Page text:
Day 8: Sapporo and Osaka

Tuesday, 30 October 2012

Continues from Day 7: Noboribetsu and Sapporo

Today was our last day in Sapporo and our last day in Hokkaido as we were scheduled to fly down to Osaka in the evening.

Nevertheless, we still had almost a whole day to enjoy Sapporo as our flight was not scheduled to depart until 6pm.

Auutumn colours on a tree in Moerenuma Park, Sapporo
Autumn colours on a tree in Moerenuma Park
Since the hotel was pretty close to the station we deposited our luggage at reception where it was tagged and put under a big net near the front desk.

With our luggage sorted out it was time for breakfast!

Kate enjoyed yesterday’s bread so much that we decided to return the Born and Bread bakery at the north entrance to Sapporo station. As we were in no rush to get any particular train today we took our time and ate at the seats inside the bakery. Kate got the same Hokkaido shaped bread she had yesterday while I got melon pan (melon bread) in the same shape.

We also got a drink each; strawberry milk for me, and some sort of yoghurt drink for Kate.

I'd been wanting to try melon pan for ages and it was definitely interesting!

Apparently melon pan are named more for their appearance rather than taste although recently melon has also actually been included in the bread.

My bread certainly didn’t look like a melon- it looked like Hokkaido!

It looked different to Kate’s plain Hokkaido shaped bread though as it had a hard shell of green sugary substance on the top. In order to live up to the melon pan name the inside was infused/filled with rock melon.

It tasted nice although I think I’d like to try the traditional non melon flavoured variety next time.

After finishing our bread we went to the ticket office to book our train to the airport. The trip to the airport takes 36 minutes and as it would be an absolute disaster if we missed our plane we reserved the 15:25 train. This got us at the airport at 16:01 and left us with plenty of time before our 6pm departure.

With breakfast and tickets sorted it was time to make another attempt at visiting Moerenuma Park!
On our way to the subway we passed by the delicious Santa custard thing that Kate had on the first day here. I really wanted to try it but I was way too full from breakfast!

While getting a ticket for the subway I found that we could get a bus/subway combination ticket which saved us a little bit of money. I think this was possible as the buses charged a flat fare of 200 yen (if I recall correctly).

Upon arriving at the Kanjodori-Higashi bus interchange we were once again a bit confused about what bus to get.

This was due to the fact that identically numbered buses didn't all terminate at the same location. I actually asked the bus driver if he went to Moerenuma park (with difficulty as you board at the back), and he said "No".

Eventually I noticed a sign in Japanese that clarified what stop and number we needed.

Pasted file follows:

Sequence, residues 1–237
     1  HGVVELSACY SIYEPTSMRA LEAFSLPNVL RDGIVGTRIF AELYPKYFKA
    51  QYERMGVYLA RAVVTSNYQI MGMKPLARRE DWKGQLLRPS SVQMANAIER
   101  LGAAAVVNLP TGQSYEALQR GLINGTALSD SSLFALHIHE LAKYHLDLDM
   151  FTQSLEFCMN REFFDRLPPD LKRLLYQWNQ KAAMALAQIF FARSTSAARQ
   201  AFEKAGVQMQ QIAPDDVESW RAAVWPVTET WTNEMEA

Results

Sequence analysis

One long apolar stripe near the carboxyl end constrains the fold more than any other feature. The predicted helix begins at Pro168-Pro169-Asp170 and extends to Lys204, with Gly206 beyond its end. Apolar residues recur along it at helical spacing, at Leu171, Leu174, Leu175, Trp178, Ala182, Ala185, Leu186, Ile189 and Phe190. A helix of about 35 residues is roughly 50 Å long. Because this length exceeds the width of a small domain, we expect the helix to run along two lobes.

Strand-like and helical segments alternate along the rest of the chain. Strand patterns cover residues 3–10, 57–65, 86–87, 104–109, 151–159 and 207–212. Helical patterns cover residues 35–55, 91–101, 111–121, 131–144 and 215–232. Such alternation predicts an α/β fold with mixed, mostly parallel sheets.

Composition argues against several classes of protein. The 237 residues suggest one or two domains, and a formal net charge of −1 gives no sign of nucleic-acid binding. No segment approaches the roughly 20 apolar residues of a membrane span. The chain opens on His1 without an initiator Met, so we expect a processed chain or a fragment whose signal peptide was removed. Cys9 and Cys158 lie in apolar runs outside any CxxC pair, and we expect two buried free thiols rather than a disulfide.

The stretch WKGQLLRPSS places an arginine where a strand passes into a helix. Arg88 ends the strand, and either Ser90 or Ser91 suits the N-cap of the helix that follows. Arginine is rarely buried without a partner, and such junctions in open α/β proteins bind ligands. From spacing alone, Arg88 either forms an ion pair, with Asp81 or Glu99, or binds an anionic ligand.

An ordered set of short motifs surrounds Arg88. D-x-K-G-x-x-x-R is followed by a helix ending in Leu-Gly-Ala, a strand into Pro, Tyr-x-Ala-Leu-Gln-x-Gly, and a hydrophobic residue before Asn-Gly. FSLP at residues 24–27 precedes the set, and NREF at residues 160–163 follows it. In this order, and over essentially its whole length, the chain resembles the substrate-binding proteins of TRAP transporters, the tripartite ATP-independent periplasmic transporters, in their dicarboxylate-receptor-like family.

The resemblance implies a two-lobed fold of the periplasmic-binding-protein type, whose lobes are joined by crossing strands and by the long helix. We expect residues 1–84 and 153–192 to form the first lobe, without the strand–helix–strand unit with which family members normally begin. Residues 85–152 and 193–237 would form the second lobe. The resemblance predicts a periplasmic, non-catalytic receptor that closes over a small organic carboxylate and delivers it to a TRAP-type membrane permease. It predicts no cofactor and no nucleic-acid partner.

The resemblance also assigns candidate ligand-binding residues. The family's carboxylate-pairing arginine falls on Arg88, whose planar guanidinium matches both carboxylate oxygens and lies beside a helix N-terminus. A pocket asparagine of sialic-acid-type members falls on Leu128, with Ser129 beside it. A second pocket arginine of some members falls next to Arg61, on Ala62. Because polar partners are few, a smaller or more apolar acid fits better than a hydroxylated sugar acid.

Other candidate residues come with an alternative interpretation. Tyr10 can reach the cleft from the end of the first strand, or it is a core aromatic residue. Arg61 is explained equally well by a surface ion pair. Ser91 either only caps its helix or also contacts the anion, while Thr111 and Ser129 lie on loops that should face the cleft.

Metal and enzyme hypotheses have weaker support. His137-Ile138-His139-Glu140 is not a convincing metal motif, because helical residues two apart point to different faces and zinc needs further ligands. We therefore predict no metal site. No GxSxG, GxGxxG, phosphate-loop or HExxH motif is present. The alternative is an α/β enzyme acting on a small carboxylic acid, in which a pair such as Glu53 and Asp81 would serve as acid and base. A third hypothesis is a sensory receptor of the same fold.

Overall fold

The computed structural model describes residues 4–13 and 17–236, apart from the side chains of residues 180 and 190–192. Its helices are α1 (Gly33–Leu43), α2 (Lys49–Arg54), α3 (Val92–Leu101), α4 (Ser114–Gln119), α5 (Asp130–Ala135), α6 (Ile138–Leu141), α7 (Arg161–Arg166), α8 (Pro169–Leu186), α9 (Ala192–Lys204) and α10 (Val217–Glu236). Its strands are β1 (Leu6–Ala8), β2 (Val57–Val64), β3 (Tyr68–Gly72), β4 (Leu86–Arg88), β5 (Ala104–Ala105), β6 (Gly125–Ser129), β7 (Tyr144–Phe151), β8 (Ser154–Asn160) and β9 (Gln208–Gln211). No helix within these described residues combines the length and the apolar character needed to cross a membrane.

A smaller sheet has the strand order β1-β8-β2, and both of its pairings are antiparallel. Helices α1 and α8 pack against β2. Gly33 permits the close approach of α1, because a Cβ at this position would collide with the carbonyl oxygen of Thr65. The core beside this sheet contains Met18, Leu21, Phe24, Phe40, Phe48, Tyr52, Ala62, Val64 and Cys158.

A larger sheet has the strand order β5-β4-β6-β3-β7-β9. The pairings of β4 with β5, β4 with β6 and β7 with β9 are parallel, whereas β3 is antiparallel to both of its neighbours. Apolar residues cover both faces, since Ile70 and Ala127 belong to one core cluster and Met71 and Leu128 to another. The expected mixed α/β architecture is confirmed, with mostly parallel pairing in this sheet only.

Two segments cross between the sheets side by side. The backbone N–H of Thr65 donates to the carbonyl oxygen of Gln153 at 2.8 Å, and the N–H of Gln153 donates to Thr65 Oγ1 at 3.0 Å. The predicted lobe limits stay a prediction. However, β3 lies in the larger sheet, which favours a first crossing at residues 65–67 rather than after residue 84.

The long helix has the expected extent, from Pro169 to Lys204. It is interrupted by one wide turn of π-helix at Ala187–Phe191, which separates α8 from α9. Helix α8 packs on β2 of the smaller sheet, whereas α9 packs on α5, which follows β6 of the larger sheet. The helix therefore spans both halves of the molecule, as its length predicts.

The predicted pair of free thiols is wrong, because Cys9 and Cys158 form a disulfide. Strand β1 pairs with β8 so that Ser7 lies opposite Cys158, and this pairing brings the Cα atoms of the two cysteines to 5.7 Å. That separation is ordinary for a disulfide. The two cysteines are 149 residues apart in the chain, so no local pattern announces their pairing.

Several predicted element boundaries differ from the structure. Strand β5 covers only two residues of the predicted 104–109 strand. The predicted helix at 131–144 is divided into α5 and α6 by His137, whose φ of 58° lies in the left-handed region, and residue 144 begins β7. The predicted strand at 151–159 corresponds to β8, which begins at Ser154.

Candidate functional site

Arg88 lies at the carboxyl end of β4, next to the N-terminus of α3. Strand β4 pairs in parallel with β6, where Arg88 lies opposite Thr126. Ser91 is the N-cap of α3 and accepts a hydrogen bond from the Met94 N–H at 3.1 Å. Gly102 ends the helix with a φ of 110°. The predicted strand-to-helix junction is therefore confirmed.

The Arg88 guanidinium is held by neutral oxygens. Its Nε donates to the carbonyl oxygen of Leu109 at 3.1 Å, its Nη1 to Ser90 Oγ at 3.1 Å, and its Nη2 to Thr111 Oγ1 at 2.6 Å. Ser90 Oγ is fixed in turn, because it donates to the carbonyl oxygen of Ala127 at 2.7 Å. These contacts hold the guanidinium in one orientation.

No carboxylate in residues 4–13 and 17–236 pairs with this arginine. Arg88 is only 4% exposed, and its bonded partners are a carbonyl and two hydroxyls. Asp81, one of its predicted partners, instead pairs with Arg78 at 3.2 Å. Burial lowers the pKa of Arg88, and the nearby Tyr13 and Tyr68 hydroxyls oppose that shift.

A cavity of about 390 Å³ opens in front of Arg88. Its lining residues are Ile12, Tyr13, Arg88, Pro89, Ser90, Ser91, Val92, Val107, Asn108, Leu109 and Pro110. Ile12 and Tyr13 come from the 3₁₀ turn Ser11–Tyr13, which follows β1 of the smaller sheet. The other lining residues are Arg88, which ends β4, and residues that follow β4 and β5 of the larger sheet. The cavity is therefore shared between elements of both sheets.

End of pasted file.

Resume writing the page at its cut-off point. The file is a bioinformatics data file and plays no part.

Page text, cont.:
Our bus arrived a short while later and we hopped on. Along the way we drove past the place where the bus I asked about stopped. It wasn't actually located that far from the park and would not be too much extra effort to walk from there instead.
Sapporo city bus timetable from Moerenuma Koen to Kanjodori-Higashi
Bus timetable from Moerenuma Koen to Kanjodori Higashi

Our bus though dropped us off right outside the park and we alighted after putting our ticket in the ticket box.

As the buses were pretty infrequent we made sure to snap a picture of the bus timetable.

From what we could see at the bus stop the park seemed to be in a bit of an industrial area with few buildings and a run-down kind of feeling. This is not too surprising though as the land where the park now sits was formally a dump.

Getting into the main section of the park from the bus stop required a little (500m) walk. Along the way we went under a little bridge that had a lot of autumn leaves on the floor.

Since Kate needed to use the toilet we made a slight detour to a building located next to the car parks just before the main part of Moerenuma Koen.

Basic hire bike available at Moerenuma park, SapporoAlong with restrooms the building also had bicycles you could hire! The lady there was really friendly and asked if we wanted to hire a bike.

I did want to hire a bike!

Kate was a little unsure but I managed to talk her into it and we hired two of the small basic bikes for two hours.

This came to only 200 円 each!

The bikes had a basket at the front where we could store everything we were holding except for Kate's umbrella. I asked the lady what we should do with it and she showed us how we could store it by jamming it in behind the seat.

I had to fill out a form before we could take the bikes. It had a section for our phone number and I put down our home phone. The lady wanted me to write down my mobile number and I had to explain that it did not work for calls in Japan.

Before leaving I also asked what to do when we wanted to get off the bike to climb up the hills and she showed us the stand and said we could just leave it at the bottom.

Satellite image of Moerenuma Park (Moerenuma Koen) with our route on bicycles and foot marked in purple and brown respectively
In Japan, no one wears a helmet while riding push bikes and there were none available at the hire shop. So it was a little scary riding around without one. While made sure we were careful it was actually already pretty safe since the park had no traffic and only one small hill you could actually ride up and down.

On the right you can see on a satellite photo the route we took around the park marked in purple and brown. The purple lines denote when we were on bikes and the brown lines indicate times that we were walking.

So, after getting the bikes we first went over a bridge and turned left into a bitumen road. We followed this road around a baseball field before turning right onto a path which we followed around to Mount Moere. This man made hill is the biggest feature in Moerenuma Park, reaching an impressive height of 62 meters.

Mount Moere as seen from Play Mountain at Moerenuma Koen (Moerenuma Park), Sapporo
Mount Moere as seen from Play Mountain